Despite this fact, foreign indirect investment is of high fluidity and sensitive to changes in economic policies and investment climate, foreign experience shows that there are three basic conditions for sources of the program to sell shares from equalized companies to foreign investor. The foreign investor. The fact condition is political commitment. Foreign investors only become interested in the equalization program when they are persuaded of the government’s economic reform.
The second is that the equalization program should be trade oriented. Because a program prolonged by the red tape means more cost for investors and less attractive in their eyes.
Thirdly, the equalization program should be based on principles of transparency and equality and not some other things else.
Furthermore, the objectives of the paper is to review the existing literature on impact of taxation on foreign direct investment (FDI) in Nigeria, as well as to explore possibilities for future research, taxes affect the net return on capital and should at least in the mind of numerous policy makers influence the capital movement between countries. For this reason, the early literature attempted to evaluate if a generous tax policy could compensate for other obstacles in the business environment and thus attract multinational companies. In the mid-1980, the literature went one step further by exploring what kind of task instrument should have the greatest impact on the location and decision of multinational companies. Special attention was also given to the motivation and tax behavior of the multinational company.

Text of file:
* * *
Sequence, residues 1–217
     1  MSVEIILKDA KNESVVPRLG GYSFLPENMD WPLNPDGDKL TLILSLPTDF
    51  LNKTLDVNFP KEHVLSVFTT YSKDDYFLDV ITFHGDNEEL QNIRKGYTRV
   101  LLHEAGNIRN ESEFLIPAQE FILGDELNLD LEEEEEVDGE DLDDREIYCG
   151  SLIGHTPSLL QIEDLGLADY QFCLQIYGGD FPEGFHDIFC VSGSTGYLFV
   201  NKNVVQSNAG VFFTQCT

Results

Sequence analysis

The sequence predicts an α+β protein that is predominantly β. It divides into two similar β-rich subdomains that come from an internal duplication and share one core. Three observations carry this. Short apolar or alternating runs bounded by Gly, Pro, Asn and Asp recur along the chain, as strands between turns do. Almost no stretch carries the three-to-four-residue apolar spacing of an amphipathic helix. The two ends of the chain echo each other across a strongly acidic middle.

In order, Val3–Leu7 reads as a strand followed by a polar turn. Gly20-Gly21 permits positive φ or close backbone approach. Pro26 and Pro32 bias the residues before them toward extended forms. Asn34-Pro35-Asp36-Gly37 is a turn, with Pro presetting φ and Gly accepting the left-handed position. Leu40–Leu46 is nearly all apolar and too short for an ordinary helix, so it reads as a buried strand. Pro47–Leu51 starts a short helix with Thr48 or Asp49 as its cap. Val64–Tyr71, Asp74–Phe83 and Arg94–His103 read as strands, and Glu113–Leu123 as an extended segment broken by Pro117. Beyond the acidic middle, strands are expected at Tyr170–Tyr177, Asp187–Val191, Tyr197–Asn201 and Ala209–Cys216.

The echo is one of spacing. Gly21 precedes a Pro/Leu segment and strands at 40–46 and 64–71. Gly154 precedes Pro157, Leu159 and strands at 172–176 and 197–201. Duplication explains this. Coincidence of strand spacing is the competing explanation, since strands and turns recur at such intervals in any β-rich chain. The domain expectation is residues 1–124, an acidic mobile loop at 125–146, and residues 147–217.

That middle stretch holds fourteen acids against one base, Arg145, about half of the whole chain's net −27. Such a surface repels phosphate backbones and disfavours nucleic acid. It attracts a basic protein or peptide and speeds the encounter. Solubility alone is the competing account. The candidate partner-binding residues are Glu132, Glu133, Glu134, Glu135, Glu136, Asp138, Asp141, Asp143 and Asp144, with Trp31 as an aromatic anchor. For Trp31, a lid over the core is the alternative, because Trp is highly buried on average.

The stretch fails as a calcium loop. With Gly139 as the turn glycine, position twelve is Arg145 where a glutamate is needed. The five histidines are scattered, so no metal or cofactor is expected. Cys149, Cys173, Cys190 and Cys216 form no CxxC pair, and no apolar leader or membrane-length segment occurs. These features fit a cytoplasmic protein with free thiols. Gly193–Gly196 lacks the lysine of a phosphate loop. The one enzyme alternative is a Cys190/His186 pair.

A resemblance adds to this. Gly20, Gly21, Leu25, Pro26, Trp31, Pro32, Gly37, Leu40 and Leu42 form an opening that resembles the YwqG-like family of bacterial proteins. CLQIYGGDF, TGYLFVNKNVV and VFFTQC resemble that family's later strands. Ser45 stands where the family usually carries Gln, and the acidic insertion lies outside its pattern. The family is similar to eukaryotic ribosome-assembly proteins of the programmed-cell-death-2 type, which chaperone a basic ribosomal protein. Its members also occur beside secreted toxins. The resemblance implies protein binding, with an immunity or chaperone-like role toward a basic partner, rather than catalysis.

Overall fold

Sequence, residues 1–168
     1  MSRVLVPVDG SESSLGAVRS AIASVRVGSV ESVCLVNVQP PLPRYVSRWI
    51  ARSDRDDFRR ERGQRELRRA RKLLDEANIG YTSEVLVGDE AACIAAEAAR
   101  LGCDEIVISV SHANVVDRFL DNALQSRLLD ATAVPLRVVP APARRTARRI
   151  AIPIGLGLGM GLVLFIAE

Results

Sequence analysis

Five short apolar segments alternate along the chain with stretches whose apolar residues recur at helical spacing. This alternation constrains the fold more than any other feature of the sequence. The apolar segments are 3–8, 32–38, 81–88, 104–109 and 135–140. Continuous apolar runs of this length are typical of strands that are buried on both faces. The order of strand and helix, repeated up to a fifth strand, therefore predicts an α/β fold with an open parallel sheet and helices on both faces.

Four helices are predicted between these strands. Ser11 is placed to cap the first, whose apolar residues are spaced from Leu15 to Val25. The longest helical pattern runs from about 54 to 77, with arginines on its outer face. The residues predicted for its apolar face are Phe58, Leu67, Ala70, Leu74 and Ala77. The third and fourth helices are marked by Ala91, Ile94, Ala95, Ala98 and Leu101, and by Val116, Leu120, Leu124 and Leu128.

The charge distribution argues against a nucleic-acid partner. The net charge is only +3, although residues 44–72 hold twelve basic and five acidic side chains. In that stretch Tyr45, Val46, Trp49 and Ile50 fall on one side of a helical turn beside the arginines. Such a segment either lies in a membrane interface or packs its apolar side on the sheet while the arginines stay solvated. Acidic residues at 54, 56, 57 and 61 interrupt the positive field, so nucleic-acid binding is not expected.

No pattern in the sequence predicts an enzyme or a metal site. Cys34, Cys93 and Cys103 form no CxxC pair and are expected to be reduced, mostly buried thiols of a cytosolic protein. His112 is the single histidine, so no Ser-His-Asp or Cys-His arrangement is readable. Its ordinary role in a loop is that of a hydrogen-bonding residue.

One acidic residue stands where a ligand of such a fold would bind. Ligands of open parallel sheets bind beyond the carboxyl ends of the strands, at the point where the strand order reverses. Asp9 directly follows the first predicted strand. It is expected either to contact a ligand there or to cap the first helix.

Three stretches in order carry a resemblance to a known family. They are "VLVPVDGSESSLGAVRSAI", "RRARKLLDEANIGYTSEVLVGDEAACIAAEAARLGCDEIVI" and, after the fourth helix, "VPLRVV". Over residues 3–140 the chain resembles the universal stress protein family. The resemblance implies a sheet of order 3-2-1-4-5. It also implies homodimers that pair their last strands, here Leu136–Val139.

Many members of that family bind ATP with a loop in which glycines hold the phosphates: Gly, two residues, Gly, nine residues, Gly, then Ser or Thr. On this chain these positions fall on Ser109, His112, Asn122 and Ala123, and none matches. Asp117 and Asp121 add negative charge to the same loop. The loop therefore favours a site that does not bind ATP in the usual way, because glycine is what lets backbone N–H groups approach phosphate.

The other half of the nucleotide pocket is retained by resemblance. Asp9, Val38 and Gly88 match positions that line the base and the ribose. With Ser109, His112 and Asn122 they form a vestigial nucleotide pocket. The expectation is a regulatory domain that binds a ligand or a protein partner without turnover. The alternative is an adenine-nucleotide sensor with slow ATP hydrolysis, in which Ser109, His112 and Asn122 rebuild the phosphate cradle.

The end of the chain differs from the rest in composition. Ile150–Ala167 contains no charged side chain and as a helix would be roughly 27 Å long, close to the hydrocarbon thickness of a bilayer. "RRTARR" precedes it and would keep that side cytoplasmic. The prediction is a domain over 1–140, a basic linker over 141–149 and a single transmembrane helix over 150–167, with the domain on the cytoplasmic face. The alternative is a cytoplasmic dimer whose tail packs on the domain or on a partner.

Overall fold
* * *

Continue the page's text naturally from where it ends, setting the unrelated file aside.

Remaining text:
In recent years, the globalization process has led to the emergence of new issues not only have companies tended to become more mobile, but also government have to deal with this new dimension in the design of their national tax policy. The gradual elimination of barriers to capital movements have stimulated government to compete for foreign direct investment (F D I) in global market as well as reinforced the role of the tax policy in this process.